National Asbestos Awareness Week 2016 Promotes Global Asbestos Ban

The week focuses on promoting a global ban, preventing exposure and toughening enforcement of safety laws.

The first week of April 2016 has been designated National Asbestos Awareness Week by the Asbestos Disease Awareness Organization, known as ADAO. Every day during this week, the organization releases important and moving educational resources about the devastating medical impact of asbestos exposure on victims and their families.

In 2004, ADAO was founded by Linda Reinstein and Doug Larkin, both of whom had lost family members to mesothelioma, a fatal asbestos-linked cancer. The organization describes itself as the "largest independent asbestos victims' organization" in the country, founded to "give asbestos victims and concerned citizens a united voice, to raise public awareness about the dangers of asbestos exposure and to work towards a global asbestos ban."

Specifically, ADAO seeks to prevent diseases caused by asbestos exposure through public education, advocacy and initiatives like the annual awareness week. This year's awareness week has three areas of focus:

  • Promoting a global ban on mining and using asbestos
  • Preventing human exposure to the deadly mineral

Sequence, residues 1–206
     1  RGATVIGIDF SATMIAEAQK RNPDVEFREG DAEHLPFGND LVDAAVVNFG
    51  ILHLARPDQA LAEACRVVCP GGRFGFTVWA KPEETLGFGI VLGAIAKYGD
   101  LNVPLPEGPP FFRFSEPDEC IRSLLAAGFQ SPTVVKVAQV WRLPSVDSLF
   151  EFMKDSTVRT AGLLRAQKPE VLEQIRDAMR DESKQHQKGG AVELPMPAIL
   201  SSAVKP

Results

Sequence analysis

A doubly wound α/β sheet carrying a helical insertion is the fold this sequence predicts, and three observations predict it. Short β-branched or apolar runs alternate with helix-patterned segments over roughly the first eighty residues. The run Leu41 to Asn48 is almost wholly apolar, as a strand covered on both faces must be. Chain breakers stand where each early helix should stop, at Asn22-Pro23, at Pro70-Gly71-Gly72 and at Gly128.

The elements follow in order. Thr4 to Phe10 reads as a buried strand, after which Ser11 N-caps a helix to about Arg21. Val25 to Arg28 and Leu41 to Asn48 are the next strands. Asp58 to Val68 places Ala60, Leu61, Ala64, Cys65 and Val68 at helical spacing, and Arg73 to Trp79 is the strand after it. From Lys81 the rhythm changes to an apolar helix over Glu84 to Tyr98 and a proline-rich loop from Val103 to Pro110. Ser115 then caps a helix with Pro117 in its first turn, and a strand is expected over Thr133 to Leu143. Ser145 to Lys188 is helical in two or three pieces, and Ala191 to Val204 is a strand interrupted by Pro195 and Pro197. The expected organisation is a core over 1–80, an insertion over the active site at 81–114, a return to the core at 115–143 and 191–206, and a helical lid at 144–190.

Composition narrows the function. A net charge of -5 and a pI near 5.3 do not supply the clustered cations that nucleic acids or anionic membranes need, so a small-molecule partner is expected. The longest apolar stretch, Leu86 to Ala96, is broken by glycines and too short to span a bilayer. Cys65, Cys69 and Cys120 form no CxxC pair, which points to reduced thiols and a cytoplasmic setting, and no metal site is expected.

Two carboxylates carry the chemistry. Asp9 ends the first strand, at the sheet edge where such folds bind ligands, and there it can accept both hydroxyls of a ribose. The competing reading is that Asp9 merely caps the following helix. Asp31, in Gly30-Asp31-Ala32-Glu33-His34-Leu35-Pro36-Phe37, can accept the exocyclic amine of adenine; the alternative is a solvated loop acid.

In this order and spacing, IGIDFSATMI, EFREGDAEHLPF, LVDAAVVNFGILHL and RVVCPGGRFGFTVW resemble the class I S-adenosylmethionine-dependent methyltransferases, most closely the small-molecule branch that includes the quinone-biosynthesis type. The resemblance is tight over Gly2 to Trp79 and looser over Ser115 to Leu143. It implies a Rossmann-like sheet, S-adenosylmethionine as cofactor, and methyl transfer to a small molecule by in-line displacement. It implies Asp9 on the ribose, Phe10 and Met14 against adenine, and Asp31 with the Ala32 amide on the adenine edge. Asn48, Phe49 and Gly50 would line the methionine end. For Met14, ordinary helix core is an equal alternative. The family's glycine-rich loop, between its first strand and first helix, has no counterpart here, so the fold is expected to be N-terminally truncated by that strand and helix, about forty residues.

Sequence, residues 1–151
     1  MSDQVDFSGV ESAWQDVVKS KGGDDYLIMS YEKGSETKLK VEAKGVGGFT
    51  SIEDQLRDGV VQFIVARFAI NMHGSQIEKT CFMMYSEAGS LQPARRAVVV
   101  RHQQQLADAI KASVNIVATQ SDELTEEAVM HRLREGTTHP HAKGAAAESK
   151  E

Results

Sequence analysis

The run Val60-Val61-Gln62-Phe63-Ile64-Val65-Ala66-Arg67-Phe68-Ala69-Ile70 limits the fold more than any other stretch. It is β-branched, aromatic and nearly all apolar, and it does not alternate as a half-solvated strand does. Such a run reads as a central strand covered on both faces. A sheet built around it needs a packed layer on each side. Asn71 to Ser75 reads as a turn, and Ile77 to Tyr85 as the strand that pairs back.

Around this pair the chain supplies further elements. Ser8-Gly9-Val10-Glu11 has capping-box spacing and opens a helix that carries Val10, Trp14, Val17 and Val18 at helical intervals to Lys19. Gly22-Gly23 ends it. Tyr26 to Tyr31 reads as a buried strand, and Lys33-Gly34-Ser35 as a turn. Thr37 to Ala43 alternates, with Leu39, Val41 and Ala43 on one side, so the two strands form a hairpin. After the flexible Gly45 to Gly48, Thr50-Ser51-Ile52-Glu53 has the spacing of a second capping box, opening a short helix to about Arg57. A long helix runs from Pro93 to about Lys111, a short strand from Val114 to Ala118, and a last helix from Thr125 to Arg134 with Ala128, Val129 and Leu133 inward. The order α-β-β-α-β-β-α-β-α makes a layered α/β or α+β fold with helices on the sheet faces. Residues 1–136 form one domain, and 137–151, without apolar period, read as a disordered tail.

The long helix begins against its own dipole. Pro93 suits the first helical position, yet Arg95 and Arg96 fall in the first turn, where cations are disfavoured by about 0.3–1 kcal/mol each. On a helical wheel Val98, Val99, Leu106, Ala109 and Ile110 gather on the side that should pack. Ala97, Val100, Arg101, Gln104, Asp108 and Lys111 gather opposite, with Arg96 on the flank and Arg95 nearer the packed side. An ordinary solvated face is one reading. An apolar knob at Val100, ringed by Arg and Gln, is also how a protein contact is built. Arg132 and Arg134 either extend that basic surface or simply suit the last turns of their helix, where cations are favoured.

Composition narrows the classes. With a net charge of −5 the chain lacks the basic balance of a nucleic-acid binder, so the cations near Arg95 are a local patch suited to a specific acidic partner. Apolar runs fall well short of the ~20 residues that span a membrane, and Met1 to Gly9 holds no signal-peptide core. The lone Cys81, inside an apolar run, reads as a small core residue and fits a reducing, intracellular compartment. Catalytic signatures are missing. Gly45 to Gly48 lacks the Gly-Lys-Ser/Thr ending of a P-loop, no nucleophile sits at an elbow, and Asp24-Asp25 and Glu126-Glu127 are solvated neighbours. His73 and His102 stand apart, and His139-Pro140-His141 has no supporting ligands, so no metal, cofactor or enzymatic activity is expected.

• Toughening enforcement of existing laws that regulate asbestos

Many people wrongly assume that the mineral is no longer in use. The truth is that many tons of asbestos are still mined, transported, and utilized in manufacturing around the world every year. While some countries have total bans, the U.S. is not one of them, although the mineral has not been mined here since 2002.

Specific information about asbestos is gathered by the U.S. Geological Survey, a federal science agency that is part of the Department of the Interior. According to the USGS Mineral Commodity Summary for asbestos from January 2011:

  • U.S. annual consumption at that time was around 820 metric tons based on import levels, down from 803,000 tons in 1973.
  • The decrease in asbestos use in manufacturing is being driven by "health and liability issues."
  • About three-quarters of American consumption were in roofing materials.
  • Asbestos imports are mostly from Canada at 90 percent with the rest coming from other countries, including Brazil.
  • In 2010, Russia was by far the largest global source of mined asbestos, followed by China, Brazil, Kazakhstan, Canada and a handful of other countries.

In conjunction with ADAO's efforts, the U.S. Senate passed a resolution designating the first week in April 2016 National Asbestos Awareness Week, which it has also done previous years. Significantly, while the resolution acknowledges the risk of deadly diseases from asbestos exposure, the scarcity of medical treatment options, the continued use of asbestos in the U.S. and the ongoing deaths of thousands of Americans from asbestos-induced illnesses, the resolution does not call for a U.S. or worldwide asbestos ban.

ADAO will end the week with an online candlelit vigil on April 7, 2016. It will also publish the list of signers of its Global Asbestos Awareness Week Declaration for a Worldwide Asbestos Ban. In addition, some of the ADAO annual conference events can be livestreamed on April 9 and 10, 2016.

From offices in the western U.S., the asbestos law firm of Brayton Purcell LLP promotes asbestos awareness and education and represents asbestos victims and their loved ones across the nation in personal injury and wrongful death lawsuits.